The Securities and Exchange Commission has settled two high-profile cases involving PricewaterhouseCoopers in the last few days, resulting in individual auditors being barred from public company audits, but no sanctions against the firm.
For more than three years, the Securities and Exchange Commission has been investigating PricewaterhouseCoopers and its role in accounting irregularities at MicroStrategy, Inc., once a high-flying player in the heyday of the Dot-com era.
Last week, the SEC ended its investigation of PwC, resulting in no enforcement actions against the Big Four accounting firm. "This closes the book on MicroStrategy," PricewaterhouseCoopers spokesman Steven G. Silber said.
However, Warren Martin, the former lead auditor for PwC in the MicroStrategy engagement, has been barred from auditing publicly held companies for a minimum of two years. Martin's sanctions came as a result of failure "to act with due professional care" and "maintaining an attitude of professional skepticism," when he relied exclusively on what management was telling him, without independent verification.
When MicroStrategy first announced in March, 2000 that it was adjusting its financial statements to conform to SEC guidelines for revenue reporting, it sent shockwaves through the Dot-com world, and investors got very nervous. "This one popped the bubble," financial commentator James J. Cramer wrote. "MicroStrategy forever changed the Internet mania."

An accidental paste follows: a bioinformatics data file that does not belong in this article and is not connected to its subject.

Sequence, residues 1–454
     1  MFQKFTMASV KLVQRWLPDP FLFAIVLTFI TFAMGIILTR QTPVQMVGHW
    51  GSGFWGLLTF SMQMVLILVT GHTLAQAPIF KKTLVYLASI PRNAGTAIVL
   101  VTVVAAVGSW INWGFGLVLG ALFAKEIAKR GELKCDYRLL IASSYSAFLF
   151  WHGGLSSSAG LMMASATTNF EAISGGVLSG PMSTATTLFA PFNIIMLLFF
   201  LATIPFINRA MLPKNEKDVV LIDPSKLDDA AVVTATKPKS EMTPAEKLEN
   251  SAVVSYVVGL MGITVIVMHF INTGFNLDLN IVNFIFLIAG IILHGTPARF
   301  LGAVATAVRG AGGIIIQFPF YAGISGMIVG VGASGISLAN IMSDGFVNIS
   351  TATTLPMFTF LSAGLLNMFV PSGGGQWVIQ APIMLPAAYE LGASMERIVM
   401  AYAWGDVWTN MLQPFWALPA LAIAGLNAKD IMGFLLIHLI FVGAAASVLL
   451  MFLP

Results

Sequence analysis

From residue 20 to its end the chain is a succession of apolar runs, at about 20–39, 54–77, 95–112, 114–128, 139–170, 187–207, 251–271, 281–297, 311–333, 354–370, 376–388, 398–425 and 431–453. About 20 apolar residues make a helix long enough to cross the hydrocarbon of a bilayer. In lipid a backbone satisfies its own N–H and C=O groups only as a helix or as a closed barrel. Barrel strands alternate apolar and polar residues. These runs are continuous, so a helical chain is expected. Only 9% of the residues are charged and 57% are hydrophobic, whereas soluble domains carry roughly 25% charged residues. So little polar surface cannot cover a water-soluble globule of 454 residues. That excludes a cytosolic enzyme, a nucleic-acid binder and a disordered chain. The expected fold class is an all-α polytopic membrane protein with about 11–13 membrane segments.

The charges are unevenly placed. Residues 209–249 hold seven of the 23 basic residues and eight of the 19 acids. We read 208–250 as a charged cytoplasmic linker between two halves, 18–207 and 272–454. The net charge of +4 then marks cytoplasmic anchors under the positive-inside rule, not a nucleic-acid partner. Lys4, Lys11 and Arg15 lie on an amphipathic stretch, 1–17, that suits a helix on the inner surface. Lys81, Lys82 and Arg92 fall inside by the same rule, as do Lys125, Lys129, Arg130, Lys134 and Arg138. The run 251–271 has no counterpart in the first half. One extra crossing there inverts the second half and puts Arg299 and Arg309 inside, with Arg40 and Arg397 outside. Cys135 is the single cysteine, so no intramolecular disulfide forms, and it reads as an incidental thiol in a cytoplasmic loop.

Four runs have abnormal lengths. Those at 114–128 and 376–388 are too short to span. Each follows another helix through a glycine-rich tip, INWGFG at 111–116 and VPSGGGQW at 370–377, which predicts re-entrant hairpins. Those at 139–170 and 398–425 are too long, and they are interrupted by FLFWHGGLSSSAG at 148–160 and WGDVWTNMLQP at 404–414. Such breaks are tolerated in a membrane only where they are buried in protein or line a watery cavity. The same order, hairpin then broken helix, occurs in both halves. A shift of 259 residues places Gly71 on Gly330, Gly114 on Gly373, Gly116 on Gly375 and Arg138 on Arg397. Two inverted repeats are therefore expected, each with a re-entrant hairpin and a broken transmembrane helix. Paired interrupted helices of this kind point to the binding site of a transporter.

Tyco International Ltd.
Richard Scalzo, a partner in PwC's Boston office, has been permanently barred from auditing public companies as a result of his role in the audit of Tyco International, Ltd. SEC investigators determined that Scalzo, the lead partner on the Tyco audit, "recklessly violated" securities laws and engaged in unprofessional conduct.
"Multiple and repeated facts provided notice to Scalzo regarding the integrity of Tyco's senior management and ... Scalzo was reckless in not taking appropriate audit steps in the face of this information," the SEC said.
The SEC admonished Scalzo for his conduct, but said that there was no criminal activity or intent on his part or on the part of PwC. No criminal charges will be brought against either Scalzo or the firm.